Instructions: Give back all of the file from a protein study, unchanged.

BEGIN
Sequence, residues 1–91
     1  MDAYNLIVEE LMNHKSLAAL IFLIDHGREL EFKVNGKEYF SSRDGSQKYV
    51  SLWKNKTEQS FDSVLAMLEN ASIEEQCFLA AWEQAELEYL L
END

Sequence, residues 1–91
     1  MDAYNLIVEE LMNHKSLAAL IFLIDHGREL EFKVNGKEYF SSRDGSQKYV
    51  SLWKNKTEQS FDSVLAMLEN ASIEEQCFLA AWEQAELEYL L